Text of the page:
There was little fanfare when Luiz Inácio Lula da Silva opened the taps last week on the country’s first commercial deep-sea oil ­production on a floating platform 85km off the coastline.

But then the Gulf of Mexico oil spill has punctured some of the early exuberance that swept Brazil and the oil industry three years ago when the country discovered deep-sea reserves containing some 50bn barrels of oil and almost overnight became a “petro-power” in the making.

“People know there is risk involved in deep sea operations, but you never want to see a leak, or any accident related to the risk involved in a drilling project, like what happened in the Gulf,” says Raphael Moura, safety co-ordinator at Brazil’s national oil regulator, ANP.

Although Brazil is continuing with plans to develop its deepwater reserves, led by state-controlled oil major Petrobras, the BP accident is expected to raise insurance prices for deep-sea drilling. Regulatory changes are meanwhile expected to introduce delays and drive up costs.

An ANP-led safety review, under which field operators must say what they would do if they faced a BP-like situation, is expected to take a year. “It is very important to complete a deeply technical investigation before deciding on regulatory changes,” says Magda Chambriard, ANP director. “We only have a preliminary vision.”

The trouble is that leaves the industry in limbo in the meantime – as can be seen in the regulatory uncertainty surrounding BP’s mooted purchase of 10 deep-sea blocks from Devon Energy. BP expects the deal to be approved by year end, although the ANP has said it is reviewing the deal “with the Gulf of Mexico in mind”.

“The ANP knows it has to look into environmental issues more carefully,” says Jose Virgilio Lopes Enei, a Brazilian oil and gas lawyer. “They are expected to be more rigorous, but they don’t know how.”

One problem is that Brazil’s deepwater technical challenges are even greater than in the Gulf. Its “pre-salt” basin – so called because oil and gas deposits are buried several kilometres beneath the ocean floor under a layer of salt – is much deeper than BP’s Deepwater Horizon well. The fields, about 280 miles off the southeastern coast of Brazil, are also farther from shore.

Furthermore, high temperatures and large quantities of carbon dioxide in the pre-salt can damage drilling parts. The salt formations can also act like a sponge and drilling through can create fissures, making it difficult to control the drilling hole.

In some ways, though, Brazil is better prepared than the US to open up a deepwater oil province.

Brazilian regulations are generally seen as tougher than in the US, where the Minerals Management Service has faced criticism for allowing the industry to “self-regulate”.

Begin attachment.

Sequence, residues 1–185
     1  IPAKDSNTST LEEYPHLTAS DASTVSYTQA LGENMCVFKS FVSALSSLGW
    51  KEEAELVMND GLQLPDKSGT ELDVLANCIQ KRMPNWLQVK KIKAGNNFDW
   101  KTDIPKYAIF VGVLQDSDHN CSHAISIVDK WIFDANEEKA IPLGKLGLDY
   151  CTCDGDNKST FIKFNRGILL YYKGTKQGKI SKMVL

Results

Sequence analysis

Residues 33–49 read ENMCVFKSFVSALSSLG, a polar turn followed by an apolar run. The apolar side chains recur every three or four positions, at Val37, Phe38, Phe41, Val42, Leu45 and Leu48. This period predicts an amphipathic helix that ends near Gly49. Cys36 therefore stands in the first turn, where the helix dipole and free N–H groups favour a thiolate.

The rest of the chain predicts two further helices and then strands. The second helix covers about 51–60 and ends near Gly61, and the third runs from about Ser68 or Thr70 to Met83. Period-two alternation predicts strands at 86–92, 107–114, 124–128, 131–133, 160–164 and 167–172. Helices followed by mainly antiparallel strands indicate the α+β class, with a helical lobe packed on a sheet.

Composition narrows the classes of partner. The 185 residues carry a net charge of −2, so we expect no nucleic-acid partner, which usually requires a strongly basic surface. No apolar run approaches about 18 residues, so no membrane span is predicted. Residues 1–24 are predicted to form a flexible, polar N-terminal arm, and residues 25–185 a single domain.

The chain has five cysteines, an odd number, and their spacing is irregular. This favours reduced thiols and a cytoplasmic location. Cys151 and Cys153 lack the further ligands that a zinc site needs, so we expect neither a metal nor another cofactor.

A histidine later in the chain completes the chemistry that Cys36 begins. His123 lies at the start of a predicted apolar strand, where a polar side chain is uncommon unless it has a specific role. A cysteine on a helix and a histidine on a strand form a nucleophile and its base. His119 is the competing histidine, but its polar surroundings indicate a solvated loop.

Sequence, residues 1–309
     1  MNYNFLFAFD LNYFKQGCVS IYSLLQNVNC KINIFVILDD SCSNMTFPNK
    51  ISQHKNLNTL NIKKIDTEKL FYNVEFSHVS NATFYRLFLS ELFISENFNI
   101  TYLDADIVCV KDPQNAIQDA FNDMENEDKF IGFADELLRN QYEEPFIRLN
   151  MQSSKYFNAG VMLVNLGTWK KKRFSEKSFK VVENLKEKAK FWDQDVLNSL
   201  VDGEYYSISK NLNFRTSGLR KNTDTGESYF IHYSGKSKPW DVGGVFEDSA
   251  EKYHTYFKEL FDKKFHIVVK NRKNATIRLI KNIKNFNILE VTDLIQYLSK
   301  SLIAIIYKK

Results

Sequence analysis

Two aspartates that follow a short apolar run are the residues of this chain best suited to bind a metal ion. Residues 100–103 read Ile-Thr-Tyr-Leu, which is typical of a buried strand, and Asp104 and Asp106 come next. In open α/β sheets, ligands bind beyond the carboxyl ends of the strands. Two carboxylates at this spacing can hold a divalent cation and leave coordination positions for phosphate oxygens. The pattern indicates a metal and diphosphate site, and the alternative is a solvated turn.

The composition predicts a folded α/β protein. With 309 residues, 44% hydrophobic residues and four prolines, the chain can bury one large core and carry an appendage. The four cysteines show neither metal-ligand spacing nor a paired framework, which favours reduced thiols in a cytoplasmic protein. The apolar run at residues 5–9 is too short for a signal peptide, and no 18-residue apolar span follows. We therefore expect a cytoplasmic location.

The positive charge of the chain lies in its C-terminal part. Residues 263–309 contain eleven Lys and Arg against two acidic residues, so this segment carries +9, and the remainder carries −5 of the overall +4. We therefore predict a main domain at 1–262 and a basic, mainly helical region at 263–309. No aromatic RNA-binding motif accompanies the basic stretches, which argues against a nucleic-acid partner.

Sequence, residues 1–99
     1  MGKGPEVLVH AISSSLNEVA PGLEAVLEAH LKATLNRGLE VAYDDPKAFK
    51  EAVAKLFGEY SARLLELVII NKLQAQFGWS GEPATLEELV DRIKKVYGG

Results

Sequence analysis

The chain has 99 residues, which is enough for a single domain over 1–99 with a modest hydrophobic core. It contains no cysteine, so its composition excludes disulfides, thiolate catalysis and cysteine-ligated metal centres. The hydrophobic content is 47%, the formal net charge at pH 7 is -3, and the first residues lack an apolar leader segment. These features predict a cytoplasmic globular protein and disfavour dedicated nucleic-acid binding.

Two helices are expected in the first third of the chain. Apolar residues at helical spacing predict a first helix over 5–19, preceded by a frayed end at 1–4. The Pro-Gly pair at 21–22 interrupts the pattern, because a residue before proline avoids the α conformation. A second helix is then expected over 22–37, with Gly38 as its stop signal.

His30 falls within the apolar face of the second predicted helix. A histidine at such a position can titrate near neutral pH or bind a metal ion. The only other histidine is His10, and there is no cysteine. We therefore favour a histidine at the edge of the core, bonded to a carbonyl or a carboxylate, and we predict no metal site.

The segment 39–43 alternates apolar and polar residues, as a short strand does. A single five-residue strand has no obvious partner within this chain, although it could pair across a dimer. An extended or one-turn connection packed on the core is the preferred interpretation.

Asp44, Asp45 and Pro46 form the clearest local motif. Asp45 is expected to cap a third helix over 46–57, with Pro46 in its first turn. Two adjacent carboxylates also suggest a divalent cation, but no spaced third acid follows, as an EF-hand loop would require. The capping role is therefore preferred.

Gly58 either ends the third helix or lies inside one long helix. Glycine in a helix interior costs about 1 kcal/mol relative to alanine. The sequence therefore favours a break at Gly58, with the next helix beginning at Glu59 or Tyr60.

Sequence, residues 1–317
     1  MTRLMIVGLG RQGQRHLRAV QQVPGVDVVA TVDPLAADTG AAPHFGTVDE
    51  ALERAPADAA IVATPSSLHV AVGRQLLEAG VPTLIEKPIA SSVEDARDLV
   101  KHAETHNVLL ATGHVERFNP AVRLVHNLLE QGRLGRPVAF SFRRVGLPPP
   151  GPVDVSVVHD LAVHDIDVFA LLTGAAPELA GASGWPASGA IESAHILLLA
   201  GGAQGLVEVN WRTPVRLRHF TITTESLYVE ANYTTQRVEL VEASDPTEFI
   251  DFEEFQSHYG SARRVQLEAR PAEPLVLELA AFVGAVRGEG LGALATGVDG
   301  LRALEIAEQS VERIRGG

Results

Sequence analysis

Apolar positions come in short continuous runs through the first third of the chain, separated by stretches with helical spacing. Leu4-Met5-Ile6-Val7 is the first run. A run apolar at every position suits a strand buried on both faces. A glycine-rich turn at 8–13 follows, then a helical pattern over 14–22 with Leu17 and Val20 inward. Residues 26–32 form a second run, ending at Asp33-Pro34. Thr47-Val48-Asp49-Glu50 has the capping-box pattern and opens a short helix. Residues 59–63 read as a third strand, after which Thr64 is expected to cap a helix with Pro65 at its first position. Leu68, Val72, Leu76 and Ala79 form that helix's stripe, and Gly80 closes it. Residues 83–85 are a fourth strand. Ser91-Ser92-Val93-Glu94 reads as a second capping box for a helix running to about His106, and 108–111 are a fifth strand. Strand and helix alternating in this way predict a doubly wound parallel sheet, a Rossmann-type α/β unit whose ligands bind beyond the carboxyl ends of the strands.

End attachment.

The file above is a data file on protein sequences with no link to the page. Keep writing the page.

Furthermore, a run of local disasters in the early 2000s – including an oil leak of 0.3m gallons that was dubbed “Brazil’s Exxon Valdez”, and the sinking of the P-36 oil platform that killed 11 – has already led Petrobras to improve safety procedures. Unlike many of its oil major peers, Petrobras has kept its engineering and deep sea expertise in-house, rather than outsourcing it to service companies.

“These internal resources are of huge importance to be able to promptly intervene in emergency situations,” says Ildo Luís Sauer, a former Petrobras Gas & Energy director.

But some worry that the government has overloaded Petrobras. Brasilia wants to reform the current concession regime and lease remaining deepwater exploration blocks through production-sharing agreements that would give Petrobras a minimum 30 per cent stake in future contracts and would make it the only operator in the remaining 72 per cent of unleased blocks. A further stake would be granted to Petrosal – a new state entity that will represent the government’s interests – to be calculated from net production; ie, the amount left after exploration and production costs.

As Mr Lula da Silva sees it, this ensures “the best operator” is in the driver’s seat when navigating through the perilous ultra-deep-sea oil fields. Others wonder if Petrobras is fully up to the task.

“There are three big areas we are studying in Brazil in the next 12 months – regulation, the federal election and the inability of Petrobras to handle everything it has on its plate,” says a leading oil company manager.

The bill that would reform the current concession regime has been delayed until after Brazil’s presidential elections in October, and may well be scrapped if José Serra, the opposition candidate, is elected over Mr Lula’s chosen successor, Dilma Rousseff.

A further uncertainty surrounds Petrobras’ proposed $25bn share issue, which the company will use to buy from the government the rights to 5bn barrels of oil. But delays over valuing those reserves has postponed the issue from July until at least September – just before the elections.

Although Petrobras has played down similarities between the Gulf and the pre-salt fields, BP’s accident and uncertainty surrounding the share issue has helped make the stock the world’s second-worst performing oil company this year – after BP.

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